In my own art and poetry, I am wanting a “Polynesian aesthetic” in my work … what I hope is a “native” feeling to it. Even more than that, I’d like it to be a part of my business.
This Polynesian aesthetic incorporates three things – a high level of skill, indirectness, and mo’olelo (story).
What makes an object a work of art to me is a feeling that the thing is “special,” imbued with a sense of the person who made the thing and the place where that person grew into the artist he or she is. Art evokes presence, I am thinking, and that is why it is special.
The process of the manufacture of an art object or the performance of some song or dance or story has to incorporate the history, meaning and cultural identity inherent in the artist and in the place. If art is to be a real expression of the person who is making it, then it does have to built out of pieces of that person’s heart.
A business is also a human-made thing. Could it not be practiced as an art? Hmmm….
The making of lauhala hats is an honored Hawaiian art form passed down from generation to generation. Aunty Elizabeth Lee is the acknowledged best of the practitioners in Hawaii and she has been one of the people who has helped to keep the art form alive.
Many of the artists who are Polynesian tell us that in order to produce good work the artist must be “of good heart.” This, they say, will “show” in the work.
In the hat-weaving, for example, anger and discontent in a person is transmitted through the hands and the weave shows a tension that is not there when the person is calm and at peace. The hats get misshapen and lumpy.
For this reason, many of these artists seem to make the art they do into a moving meditation filled with ritual and mindfulness.
Ritual is an important part of the Polynesian aesthetic and when ritual is a part of the object then the object becomes an amazing thing. It becomes an opening and a gateway to a world where everything is interconnected and the parts all move in concert to more cosmic rhythms than are discernible in everyday life.
Usually, when someone is learning an indigenous art form, at some point they will be introduced to the rituals involved in the making of the craft.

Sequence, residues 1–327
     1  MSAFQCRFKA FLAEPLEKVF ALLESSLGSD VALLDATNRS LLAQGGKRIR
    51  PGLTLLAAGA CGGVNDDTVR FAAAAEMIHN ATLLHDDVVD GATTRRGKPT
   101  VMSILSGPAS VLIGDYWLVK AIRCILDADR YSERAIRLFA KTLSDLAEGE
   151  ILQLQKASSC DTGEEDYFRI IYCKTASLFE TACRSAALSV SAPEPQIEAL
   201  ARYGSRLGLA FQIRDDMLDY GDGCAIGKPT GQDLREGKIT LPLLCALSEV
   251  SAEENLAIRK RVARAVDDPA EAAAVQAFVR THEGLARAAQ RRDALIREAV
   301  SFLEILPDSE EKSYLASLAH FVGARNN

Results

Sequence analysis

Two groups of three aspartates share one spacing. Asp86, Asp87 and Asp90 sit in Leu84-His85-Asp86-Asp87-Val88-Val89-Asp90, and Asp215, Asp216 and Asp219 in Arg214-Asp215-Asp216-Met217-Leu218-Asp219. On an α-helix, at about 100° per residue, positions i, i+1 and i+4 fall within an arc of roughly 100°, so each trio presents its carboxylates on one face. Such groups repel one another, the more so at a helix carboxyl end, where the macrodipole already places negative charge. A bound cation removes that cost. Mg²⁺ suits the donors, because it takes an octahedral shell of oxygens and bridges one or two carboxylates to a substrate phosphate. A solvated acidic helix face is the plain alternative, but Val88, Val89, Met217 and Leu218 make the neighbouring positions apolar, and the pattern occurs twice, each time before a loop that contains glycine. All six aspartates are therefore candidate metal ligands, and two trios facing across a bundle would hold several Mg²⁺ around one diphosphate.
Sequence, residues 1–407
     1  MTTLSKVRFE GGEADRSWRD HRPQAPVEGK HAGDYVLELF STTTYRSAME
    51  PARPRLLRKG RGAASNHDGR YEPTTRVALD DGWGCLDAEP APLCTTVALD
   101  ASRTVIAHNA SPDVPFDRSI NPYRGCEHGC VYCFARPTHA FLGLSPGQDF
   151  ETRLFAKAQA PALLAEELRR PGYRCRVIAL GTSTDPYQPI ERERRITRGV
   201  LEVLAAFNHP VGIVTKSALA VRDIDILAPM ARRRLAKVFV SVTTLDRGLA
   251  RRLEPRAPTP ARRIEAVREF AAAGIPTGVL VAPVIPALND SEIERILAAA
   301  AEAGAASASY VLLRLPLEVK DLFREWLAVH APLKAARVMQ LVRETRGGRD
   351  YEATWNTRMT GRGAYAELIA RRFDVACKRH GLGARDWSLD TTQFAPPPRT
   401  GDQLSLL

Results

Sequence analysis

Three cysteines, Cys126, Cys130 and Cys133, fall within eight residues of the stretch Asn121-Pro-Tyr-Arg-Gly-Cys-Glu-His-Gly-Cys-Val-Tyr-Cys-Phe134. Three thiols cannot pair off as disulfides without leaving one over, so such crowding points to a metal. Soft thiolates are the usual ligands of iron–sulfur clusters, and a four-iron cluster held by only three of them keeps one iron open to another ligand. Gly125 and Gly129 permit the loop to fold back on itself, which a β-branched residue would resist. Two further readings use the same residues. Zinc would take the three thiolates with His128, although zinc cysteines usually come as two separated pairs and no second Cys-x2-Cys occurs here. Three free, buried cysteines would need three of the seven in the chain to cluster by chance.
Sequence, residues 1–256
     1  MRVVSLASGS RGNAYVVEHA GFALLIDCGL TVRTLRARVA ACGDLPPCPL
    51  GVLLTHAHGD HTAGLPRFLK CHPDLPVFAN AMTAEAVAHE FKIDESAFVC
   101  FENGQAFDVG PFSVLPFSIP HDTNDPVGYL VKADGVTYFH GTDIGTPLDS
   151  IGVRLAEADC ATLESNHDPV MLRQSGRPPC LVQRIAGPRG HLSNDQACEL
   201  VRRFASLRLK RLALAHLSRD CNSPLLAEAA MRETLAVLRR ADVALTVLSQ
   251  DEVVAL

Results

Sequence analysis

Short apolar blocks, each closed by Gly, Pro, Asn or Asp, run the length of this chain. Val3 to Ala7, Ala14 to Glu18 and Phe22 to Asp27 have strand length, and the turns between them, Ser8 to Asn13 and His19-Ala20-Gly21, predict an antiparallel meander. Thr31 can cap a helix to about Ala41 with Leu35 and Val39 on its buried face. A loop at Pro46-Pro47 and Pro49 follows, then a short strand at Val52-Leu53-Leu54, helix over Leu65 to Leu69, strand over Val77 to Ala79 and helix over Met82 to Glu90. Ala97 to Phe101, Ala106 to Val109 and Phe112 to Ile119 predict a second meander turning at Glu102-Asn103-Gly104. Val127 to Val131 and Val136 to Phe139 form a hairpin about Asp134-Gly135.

A touching You-Tube Video, “Weaving From the Heart,” is a documentary made by Alayna Kobayashi about weaver Lynette Roster and her thoughts about weaving the lauhala, the leaves of the pandanus tree, into a hat.
The weaver in the video, Lynette Roster, mentions that the weaver “asks” the tree for the leaves that will be used for making her hats. The weaver thanks the tree and also takes care of the tree which supplies her materials.
This, it seems to me, adds another dimension to the process of weaving a hat. It adds gravitas, a kind of spiritual “weight.”
Since much of the cosmic, “other” world is hidden from direct perception it can only be approached sideways…obliquely. That’s why kaona, the hidden meaning, is important.
However, kaona slides away from a direct gaze.
Making this way of doing things a part of modern life is a bit of a puzzlement. We moderns are so straightforward: Okay….there’s the leaves….grab a ladder…pick the leaves…and so on and so forth. Ritual gets us making faces and going, “You want me to TALK TO A TREE? HUH?”
It gets even more hairy when you’re trying to put together a business. The hard-nosed bean-counters roll their eyes at you when you talk about “meaning” and “mana.” Still, the times they are a-changing.
Here’s another video…one showing Steve Jobs talking about modern-day branding.
In this video, where Steve Jobs introduces Apple’s Crazy Ones campaign to investors and his top people, he starts from the premise that marketing is about core values, values that don’t change.
He says, “People with a passion can change the world….Those people who are crazy enough to think they can change the world are the ones who actually do.”
In this video, one of the best marketers of the modern age talks about “meaning” and talking about “mana” and how his company is going to promote some. Interesting, huh?
Maybe “meaning” and “mana” has relevance in more than just the world of native arts and crafts. Maybe it might have relevance for you as well.
What do you think? Let me know.
Here’s another poem….
SMALL ENOUGH FOR DREAMS
It’s a complex thing,
This trying to get back to simple,
Reaching towards the place
That is small enough for your dreams.
The details of a life lived out loud can overflow,
Flooding through you,
Submerging the shine of
The mana-bits that sparkle in you
In an urgent, onrushing tide of
Holding onto even the memory of your own dreams
Grabbing hold with both hands on
The knowledge that you are on your way to
Your own place in that onslaught
Can be a battle against an overwhelming force sometimes.
But, in the quiet time,
When the ebbtide flows out and away from you
And the moon rises up over a calmer sea,
Your half-drowned self can
Sit on some lost and forgotten beach
Just listening to the wind
Soughing through the ironwoods.
If you’ve managed to hang onto that dream –
The one that gives your own life meaning –
If you remembered not to let it go
In the middle of the flood-time,
Sometimes you can catch the glimmer
Of the shine as it starts coming real…
As you start coming real.
By Netta Kanoho
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